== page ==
S.Y. Practicals

All notes for the Second year, B.Sc. 
(Pune University) Practicals


Scoliodon arterial system dissection, showing innominate artery



Practical No.:21 (A)
Aim: To study life cycle of Honey bee.
The honey bee is holometabolous insect. The queen is functional female. The life cycle consists of egg, larva, pupa and adult.
Egg:
-          Egg laying starts after 3 days of copulation. The eggs are pinkish, elongated, and cylindrical in shape.
-          Fertilized eggs develop into queen and females and an unfertilized egg develops into males.
Grub:
-          The larvae are minute, white, apodous and with no eyes.
-          Type of food supply determine the caste
-          For the first 3 days all the larvae are fed on royal jelly which is produced by pharyngeal gland of young workers.
-          After 3 days, worker and drone bee larvae are fed on mixture of honey and pollen called bee bread.
-          Larvae of queen are continuously fed on royal jelly.
-          The grub grow and moult several times, then cells are sealed with a wax cap.
Pupa:
-          The pupa is exarate type i.e. the legs are free not adhered to the body.
-          After the pupal period is over the sealed pupae becomes tan and finally light brown in colour  and the lid of cell is cut-off by the young bee, with jaws.
-          After few hours later the pupal cuticle breaks and the adult be emerges out.
Adult:
-          The emergence of adult takes place after 3 weeks.
-          The emerged adult chew away the cell cap and crawls out to join the other bees as a member of the hive.

Morphological feature of three caste of a honey bee
Sr. No.
Drone
Worker
Queen
1.
Eyes meet over head
Eyes far apart
Eyes far apart
2.
Abdomen black, rectangular, blunt and without sting
Abdomen stripped, triangular with barbed sting
Abdomen is golden or black, triangular and more elongated.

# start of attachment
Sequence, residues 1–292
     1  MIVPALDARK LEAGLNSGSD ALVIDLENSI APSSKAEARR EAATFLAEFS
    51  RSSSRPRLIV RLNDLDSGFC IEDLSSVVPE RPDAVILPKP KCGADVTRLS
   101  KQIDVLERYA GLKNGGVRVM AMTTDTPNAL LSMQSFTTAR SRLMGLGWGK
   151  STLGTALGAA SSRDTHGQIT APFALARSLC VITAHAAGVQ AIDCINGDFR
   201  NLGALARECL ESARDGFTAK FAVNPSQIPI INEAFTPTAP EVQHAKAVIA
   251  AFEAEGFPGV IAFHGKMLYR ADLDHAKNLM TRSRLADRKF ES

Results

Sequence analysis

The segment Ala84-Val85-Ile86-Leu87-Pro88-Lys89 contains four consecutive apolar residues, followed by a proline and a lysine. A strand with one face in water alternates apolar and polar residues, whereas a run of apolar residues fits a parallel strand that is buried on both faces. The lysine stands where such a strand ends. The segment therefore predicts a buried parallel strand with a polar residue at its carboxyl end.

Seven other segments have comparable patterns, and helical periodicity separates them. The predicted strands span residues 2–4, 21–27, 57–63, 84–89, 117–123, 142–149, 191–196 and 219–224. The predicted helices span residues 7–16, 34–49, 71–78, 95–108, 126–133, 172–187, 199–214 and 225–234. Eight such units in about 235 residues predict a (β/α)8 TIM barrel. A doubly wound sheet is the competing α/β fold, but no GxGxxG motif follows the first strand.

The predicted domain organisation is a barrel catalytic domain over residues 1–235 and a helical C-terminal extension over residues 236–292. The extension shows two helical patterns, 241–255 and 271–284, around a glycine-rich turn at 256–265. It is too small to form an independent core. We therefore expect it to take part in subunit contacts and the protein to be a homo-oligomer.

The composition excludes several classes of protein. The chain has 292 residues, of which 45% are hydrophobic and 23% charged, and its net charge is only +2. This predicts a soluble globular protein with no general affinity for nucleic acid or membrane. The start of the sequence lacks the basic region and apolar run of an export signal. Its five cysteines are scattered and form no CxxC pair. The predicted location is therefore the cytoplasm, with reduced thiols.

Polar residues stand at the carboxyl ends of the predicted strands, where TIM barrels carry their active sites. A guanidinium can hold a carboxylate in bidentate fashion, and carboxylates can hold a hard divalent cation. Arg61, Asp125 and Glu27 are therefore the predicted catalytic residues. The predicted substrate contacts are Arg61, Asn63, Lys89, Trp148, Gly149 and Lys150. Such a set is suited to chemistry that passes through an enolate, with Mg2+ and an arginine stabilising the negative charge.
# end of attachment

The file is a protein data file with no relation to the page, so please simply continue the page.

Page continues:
v Periods of development of different castes of honey bees

Duration in days
Caste
Egg
Larva
Pupa
Total
Queen
3
5
7-8
15-16
Worker
3
4-5
11-12
18-20
Drone
3
5-7
13-14
21-24








Practical No.:21 (B)
Aim: Study of mouth parts, thoracic appendages (legs and wings)
         and sting apparatus of Honey bee
v Mouth parts of honey bee: The mouth parts are biting and sucking type. It consists of labrum, epipharynx, mandibles, maxillae and labium.
-          Labrum: Large plate attached to lower margin of clypeus.
-          Epipharynx: It lies below the labrum. It is organ of taste.
-          Mandibles: They are in pair and lies on either  side of the labrum. Mandibles are equipped with abductor and adductor muscle. Mandibles are useful to gather pollen and mould the wax. Mandibles of worker are spoon shaped, thick at the base and narrowed through the middle.
-          Maxillae: It lies beneath mandibles. The lacinia is absent,  maxillary palps are vestigial and the galea is elongated and blade-like.
-          Labium: Paraglossae are reduced but the glossae are very much elongated, united, hairy and form a honey-spoon called labellum at the terminal part.
At the time of nectar feeding, the labium and maxillae come together to form sucking tube.




v Thoracic appendages: Thorax bears two pairs of wings and three pairs of legs.
Wings:
-          The wings are small, narrow, membraneous and transparent.
-          Pair of wings lie flat over the back at rest.
-          Forewings are larger than hindwings.
-          Main function is flight but also used to cool the hive.
-          Forewings and hindwings are interlocked by hooks (hamuli) so both the wings can work together during flight. 

 
Legs:
-          There are 3 pairs of legs, i.e. prothoracic, mesothoracic and metathoracic.
-          They show progressive increase in length from 1st to 3rd pair.